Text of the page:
Netflix scored as the most loved brand in the world – a digital company that is setting the pace for all others, regardless of vertical. Netflix has bridged devices, locations and connectivity to make its services accessible at all times. In so doing, Netflix has made itself dependable and its customers loyal. The streaming service has reshaped the way people consume content. It disrupted TV viewing, cinema-going, storytelling, and pop culture.

Brands need to abandon traditional tools for measuring competitors as digital technologies take hold of nearly every aspect of our daily lives. In order to define new competitors, it is necessary to define the types of competition:

  • Direct competition – has been the traditional focus for marketers, which targets brands whose traditional and emerging providers who sell similar products and services. For instance, Tesla is a relatively new direct competitor in the automobile industry.
  • Experiential competition – refers to organisations that offer an experience that effectively makes another organisation’s product or service redundant. For example, self-driving cars might make it unnecessary to have private auto insurance. While non-direct competitors, they could significantly impact a tangentially related industry.
  • Perceptual competitors – these brands are those competing to shape experiences that have set new expectations across sectors. Previous Accenture research has identified companies like Apple, Uber and Sonos as the top perceptual competitors, but the increasing hyper-personalised services offered by Netflix, Spotify and Amazon have usurped the original tech giants. Customers love these brands, and Accenture Interactive believes they pose a more acute competitive threat than many marketers have yet realised.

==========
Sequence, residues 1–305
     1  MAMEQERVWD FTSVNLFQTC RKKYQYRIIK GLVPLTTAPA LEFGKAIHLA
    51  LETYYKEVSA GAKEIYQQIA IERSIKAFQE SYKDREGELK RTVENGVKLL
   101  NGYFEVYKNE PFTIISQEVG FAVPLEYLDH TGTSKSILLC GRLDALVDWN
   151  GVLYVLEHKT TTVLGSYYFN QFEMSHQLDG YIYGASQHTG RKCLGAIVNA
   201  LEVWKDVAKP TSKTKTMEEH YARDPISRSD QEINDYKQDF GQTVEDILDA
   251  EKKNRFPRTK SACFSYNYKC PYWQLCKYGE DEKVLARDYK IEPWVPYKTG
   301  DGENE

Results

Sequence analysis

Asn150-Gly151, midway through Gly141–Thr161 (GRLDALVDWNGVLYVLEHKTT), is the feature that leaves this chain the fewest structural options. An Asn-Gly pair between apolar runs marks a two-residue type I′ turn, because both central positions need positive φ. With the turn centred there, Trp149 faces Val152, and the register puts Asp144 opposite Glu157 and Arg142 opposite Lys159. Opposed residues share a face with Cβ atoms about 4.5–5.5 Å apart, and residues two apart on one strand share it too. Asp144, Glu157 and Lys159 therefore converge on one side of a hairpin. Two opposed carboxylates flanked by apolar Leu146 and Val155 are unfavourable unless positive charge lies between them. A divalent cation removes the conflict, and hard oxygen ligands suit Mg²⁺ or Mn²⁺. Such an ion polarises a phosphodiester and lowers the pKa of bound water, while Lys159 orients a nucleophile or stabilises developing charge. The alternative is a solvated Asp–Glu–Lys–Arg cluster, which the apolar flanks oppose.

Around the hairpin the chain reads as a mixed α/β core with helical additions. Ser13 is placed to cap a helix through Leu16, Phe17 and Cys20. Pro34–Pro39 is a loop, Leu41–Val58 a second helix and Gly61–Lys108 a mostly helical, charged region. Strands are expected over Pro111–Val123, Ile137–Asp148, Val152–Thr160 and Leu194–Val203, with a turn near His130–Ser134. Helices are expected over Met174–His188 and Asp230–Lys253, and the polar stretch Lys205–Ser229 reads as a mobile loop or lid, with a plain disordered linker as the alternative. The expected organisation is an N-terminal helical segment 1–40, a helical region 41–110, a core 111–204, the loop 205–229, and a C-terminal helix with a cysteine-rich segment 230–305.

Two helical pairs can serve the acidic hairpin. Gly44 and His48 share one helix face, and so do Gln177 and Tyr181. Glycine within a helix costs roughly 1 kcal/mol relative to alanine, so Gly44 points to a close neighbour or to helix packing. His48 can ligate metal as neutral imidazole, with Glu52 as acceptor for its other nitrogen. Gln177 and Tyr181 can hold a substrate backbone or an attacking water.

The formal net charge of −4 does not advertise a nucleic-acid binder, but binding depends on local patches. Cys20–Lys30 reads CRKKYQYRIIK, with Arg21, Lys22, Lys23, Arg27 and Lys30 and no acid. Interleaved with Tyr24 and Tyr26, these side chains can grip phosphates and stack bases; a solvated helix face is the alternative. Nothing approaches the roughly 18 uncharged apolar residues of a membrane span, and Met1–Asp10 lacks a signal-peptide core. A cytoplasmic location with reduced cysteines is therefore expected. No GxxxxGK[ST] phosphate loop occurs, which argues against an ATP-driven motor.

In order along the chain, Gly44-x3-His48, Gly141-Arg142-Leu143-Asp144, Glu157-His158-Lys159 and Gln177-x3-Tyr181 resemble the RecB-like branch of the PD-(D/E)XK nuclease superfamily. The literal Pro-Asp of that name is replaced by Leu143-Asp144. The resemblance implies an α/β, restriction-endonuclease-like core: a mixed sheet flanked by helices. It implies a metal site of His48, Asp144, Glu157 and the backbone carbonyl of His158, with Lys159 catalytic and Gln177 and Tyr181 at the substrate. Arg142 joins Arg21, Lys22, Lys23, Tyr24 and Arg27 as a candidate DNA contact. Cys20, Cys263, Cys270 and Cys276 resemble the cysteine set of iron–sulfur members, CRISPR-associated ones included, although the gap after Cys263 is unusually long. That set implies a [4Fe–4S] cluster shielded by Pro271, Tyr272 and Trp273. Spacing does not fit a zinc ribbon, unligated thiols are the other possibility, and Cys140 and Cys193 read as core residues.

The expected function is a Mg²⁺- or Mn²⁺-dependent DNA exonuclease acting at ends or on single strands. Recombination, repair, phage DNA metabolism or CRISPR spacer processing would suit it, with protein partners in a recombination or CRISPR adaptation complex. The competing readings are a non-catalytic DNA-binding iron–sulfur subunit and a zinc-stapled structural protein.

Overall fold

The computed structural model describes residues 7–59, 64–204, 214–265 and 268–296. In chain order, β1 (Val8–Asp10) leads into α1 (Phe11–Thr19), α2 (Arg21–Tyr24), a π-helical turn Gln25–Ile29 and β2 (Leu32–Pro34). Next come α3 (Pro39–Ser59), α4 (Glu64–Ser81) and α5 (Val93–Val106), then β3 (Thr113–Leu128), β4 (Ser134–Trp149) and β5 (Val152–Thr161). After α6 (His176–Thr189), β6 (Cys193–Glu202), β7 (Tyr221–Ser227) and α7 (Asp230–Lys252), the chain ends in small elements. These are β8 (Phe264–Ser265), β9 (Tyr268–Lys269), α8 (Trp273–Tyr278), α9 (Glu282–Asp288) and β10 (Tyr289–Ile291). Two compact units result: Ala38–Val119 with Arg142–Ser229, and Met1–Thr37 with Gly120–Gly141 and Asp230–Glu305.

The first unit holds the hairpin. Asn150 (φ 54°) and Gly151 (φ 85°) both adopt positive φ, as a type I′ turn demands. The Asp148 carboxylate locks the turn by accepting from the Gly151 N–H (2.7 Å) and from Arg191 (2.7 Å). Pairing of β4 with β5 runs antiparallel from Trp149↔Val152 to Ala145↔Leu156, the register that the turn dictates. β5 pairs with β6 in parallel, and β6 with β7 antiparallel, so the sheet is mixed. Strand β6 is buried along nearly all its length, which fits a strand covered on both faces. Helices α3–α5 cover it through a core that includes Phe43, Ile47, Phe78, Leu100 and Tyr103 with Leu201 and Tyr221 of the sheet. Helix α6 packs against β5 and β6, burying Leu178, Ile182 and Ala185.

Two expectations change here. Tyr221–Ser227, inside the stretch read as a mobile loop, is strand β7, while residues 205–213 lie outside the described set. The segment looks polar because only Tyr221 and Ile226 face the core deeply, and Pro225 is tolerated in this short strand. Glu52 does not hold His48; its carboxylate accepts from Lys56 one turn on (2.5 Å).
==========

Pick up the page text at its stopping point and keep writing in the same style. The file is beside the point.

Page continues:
For brands wanting to catch up with the experience leaders, it is essential to look at perceptual competition not simply as a threat but as market insight for new opportunity. The best opportunities of innovation often result from a deep understanding of the expectation chasm between consumers’ collective expectations and what the best individual industries have to provide.

For example, while Netflix is not a direct competitor for many organisations, its success serves as an illustration of the role that technology plays in our lives and proves that to remain relevant, brands must develop and drive a digital strategy, even if they aren’t traditionally digital brands.

As the digitalisation of everything will continue to disrupt today’s business climate, catching up with experience leaders won’t be easy, but it can be done. All brands are in pursuit of beating competitors and creating lasting differentiation, however in order to do so brands must recognise a new, wider playing field.

The winning formula is to look outside the industry, bring in key learnings from a variety of industries and let it inform a brand’s next move. Ultimately, brand competitiveness can be achieved through commitment to continuously developing experiences at a rate that is consistent with that of evolving customer expectations.

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Accenture Interactive competition competitors Michael Buckley